Longleaf pine forests are rich in biodiversity. They are well-documented for their high levels of plant diversity, in groups including sedges, grasses, carnivorous plants, and orchids.[14][15] These forests also provide habitat for gopher tortoises, which as keystone species, dig burrows that provide habitat for hundreds of other species of animals. The red-cockaded woodpecker is dependent on mature pine forests and is now endangered as a result of this decline. Longleaf pine seeds are large and nutritious, forming a significant food source for birds (notably the brown-headed nuthatch) and other wildlife. Nine salamander species and 26 frog species are characteristic of pine savannas, along with 56 species of reptiles, 13 of which could be considered specialists on this habitat.[16]

The Red Hills Region of Florida and Georgia is home to some of the best-preserved stands of longleaf pines. These forests have been burned regularly for many decades to encourage bobwhite quail habitat in private hunting plantations.

Native range, restoration, and protection

Old growth longleaf pine stand, scorched by fire (top); longleaf pine stand after timber removal (bottom)

Before European settlement, longleaf pine forest dominated as much as 90,000,000 acres (360,000 km2) stretching from Virginia south to Florida and west to East Texas. Its range was defined by the frequent widespread fires that were lit by humans and occurred naturally throughout the southeast. In the late 19th century, these virgin timber stands were "among the most sought-after timber trees in the country." This rich ecosystem now has been relegated to less than 5% of its presettlement range due to fire suppression and clear-cutting practices:

As they stripped the woods of their trees, loggers left mounds of flammable debris that frequently fueled catastrophic fires, destroying both the remaining trees and seedlings. The exposed earth left behind by clear-cutting operations was highly susceptible to erosion, and nutrients were washed from the already porous soils. This further destroyed the natural seeding process. At the peak of the timber cutting in the 1890s and first decade of the new century, the longleaf pine forests of the Sandhills were providing millions of board feet of timber each year. The timber cutters gradually moved across the South; by the 1920s, most of the "limitless" virgin longleaf pine forests were gone.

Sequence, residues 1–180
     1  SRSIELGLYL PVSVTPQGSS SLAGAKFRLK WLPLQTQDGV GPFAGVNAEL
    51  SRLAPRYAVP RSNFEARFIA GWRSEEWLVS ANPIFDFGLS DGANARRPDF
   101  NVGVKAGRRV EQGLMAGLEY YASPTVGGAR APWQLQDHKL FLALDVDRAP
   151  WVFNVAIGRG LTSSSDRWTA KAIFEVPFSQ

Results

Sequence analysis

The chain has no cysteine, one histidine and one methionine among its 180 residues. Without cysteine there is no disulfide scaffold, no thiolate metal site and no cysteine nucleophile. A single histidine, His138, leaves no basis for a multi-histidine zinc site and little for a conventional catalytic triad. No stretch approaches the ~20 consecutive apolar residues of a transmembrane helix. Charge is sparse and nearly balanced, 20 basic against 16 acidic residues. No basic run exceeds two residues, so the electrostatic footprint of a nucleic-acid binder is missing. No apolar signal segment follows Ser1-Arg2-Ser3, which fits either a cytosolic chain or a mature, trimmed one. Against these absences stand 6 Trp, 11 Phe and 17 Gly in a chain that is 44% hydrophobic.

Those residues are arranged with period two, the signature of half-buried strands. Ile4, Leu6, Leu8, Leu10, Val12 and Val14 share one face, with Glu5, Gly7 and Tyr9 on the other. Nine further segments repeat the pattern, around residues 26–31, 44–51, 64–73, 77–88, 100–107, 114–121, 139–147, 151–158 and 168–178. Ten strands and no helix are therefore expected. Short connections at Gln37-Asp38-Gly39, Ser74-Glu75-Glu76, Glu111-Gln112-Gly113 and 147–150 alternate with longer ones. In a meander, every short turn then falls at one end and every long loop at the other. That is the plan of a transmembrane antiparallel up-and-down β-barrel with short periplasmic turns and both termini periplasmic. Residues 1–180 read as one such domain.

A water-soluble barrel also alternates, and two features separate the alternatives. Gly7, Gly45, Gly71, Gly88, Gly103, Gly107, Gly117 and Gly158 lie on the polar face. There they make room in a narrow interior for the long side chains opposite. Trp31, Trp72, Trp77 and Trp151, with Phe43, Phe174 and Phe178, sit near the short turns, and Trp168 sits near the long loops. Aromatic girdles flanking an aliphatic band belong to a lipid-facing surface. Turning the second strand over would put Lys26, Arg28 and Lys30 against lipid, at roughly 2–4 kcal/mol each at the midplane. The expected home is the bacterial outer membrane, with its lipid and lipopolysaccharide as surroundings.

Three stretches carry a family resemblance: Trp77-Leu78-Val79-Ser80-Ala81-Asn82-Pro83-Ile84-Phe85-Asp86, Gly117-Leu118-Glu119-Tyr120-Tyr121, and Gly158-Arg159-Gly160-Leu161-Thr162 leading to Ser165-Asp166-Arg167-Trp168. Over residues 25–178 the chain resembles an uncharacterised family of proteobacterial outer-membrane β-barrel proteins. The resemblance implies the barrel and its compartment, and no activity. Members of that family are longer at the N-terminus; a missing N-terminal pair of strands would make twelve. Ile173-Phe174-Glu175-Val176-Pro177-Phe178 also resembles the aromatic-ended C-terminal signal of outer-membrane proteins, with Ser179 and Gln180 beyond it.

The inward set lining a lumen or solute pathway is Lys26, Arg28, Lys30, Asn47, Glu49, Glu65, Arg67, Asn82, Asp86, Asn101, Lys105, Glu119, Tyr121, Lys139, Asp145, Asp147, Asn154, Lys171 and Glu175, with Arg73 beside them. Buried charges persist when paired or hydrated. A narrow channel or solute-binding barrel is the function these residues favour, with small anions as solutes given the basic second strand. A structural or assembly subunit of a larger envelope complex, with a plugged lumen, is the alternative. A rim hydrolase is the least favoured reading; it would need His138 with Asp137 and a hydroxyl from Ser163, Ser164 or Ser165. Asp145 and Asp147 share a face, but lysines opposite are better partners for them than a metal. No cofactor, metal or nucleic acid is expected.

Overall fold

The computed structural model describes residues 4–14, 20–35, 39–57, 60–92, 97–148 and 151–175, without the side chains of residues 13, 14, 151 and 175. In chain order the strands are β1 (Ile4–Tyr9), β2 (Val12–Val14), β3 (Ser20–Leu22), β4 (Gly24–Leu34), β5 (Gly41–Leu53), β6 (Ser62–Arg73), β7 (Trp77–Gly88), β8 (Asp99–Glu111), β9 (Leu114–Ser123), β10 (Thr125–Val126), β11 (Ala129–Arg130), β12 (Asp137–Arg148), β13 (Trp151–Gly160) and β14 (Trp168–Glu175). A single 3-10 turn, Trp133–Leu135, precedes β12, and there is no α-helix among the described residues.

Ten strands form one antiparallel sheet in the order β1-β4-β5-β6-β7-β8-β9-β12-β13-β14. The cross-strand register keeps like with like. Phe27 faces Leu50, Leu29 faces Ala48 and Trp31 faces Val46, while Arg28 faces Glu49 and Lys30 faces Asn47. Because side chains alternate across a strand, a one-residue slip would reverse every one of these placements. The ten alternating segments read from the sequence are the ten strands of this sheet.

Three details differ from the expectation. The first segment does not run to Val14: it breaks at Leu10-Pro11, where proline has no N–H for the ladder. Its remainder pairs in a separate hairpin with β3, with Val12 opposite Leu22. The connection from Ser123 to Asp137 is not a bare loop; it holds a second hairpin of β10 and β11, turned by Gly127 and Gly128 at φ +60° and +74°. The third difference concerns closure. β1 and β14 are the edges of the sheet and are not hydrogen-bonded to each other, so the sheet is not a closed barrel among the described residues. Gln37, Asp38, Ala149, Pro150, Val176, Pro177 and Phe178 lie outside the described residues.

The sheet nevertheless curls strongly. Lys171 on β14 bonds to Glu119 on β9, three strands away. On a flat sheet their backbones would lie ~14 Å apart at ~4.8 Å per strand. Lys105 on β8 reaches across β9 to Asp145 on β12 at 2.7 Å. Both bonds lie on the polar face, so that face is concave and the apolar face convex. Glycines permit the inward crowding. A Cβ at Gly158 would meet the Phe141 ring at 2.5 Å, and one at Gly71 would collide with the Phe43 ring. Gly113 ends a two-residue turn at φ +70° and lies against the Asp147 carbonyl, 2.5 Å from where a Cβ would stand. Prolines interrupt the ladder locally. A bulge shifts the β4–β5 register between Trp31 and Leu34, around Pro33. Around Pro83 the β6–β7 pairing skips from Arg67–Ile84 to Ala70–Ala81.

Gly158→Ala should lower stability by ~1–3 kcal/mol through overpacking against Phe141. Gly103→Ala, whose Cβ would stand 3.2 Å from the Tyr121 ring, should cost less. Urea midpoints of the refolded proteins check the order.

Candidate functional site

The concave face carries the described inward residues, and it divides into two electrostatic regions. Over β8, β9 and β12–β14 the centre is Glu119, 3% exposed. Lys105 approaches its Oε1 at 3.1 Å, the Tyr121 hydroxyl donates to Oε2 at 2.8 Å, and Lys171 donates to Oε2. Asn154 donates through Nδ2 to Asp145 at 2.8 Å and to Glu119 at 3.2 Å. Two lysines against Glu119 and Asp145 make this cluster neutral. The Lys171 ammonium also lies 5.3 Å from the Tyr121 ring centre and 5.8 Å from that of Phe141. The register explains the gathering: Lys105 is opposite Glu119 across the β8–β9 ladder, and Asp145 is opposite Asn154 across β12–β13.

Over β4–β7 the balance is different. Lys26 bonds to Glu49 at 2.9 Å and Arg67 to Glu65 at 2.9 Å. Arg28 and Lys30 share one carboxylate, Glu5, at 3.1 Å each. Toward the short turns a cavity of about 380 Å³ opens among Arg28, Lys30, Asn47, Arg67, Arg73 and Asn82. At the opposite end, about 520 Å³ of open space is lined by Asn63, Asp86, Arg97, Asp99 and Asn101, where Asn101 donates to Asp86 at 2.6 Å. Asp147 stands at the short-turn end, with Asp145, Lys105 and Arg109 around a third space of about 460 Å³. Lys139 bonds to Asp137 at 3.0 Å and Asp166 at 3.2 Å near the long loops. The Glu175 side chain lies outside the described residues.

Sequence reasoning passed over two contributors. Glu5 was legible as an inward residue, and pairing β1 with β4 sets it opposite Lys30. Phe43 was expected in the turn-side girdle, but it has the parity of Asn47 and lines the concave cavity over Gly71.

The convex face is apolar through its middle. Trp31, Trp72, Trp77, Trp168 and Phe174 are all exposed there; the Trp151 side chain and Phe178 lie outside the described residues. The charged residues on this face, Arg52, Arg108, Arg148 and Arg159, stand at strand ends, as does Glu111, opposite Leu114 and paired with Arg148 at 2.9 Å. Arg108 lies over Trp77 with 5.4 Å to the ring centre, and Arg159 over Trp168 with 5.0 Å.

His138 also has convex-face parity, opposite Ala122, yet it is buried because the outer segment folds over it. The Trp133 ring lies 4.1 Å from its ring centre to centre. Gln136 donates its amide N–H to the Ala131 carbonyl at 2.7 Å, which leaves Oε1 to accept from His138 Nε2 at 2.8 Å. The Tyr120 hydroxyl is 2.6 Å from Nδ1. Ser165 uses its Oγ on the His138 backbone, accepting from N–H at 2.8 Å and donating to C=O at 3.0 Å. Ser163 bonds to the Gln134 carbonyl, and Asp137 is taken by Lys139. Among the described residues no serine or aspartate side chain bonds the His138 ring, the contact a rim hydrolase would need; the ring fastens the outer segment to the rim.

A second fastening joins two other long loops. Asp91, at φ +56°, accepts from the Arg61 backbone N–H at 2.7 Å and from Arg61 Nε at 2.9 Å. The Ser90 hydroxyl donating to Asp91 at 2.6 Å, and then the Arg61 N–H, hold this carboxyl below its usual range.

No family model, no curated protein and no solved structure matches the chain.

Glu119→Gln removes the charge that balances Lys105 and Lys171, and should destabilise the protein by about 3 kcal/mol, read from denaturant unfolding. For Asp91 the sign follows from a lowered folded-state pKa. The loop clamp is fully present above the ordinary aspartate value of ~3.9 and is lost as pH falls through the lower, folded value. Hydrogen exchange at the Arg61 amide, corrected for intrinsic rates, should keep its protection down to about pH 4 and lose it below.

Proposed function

— Jerry Simmons, "ASLC Large Operation from Beginnings"[17]

In "pine barrens" most of the day. Low, level, sandy tracts; the pines wide apart; the sunny spaces between full of beautiful abounding grasses, liatris, long, wand-like solidago, saw palmettos, etc., covering the ground in garden style. Here I sauntered in delightful freedom, meeting none of the cat-clawed vines, or shrubs, of the alluvial bottoms.

John Muir
Naturally regenerated longleaf pines in DeSoto National Forest, Mississippi

Efforts are being made to restore longleaf pine ecosystems within its natural range. Some groups such as the Longleaf Alliance are actively promoting research, education, and management of the longleaf pine.[18]

The USDA offers cost-sharing and technical assistance to private landowners for longleaf restoration through the NRCS Longleaf Pine Initiative. Similar programs are available through most state forestry agencies in the longleaf's native range. In August 2009, the Alabama Forestry Commission received $1.757 million in stimulus money to restore longleaf pines in state forests.[19]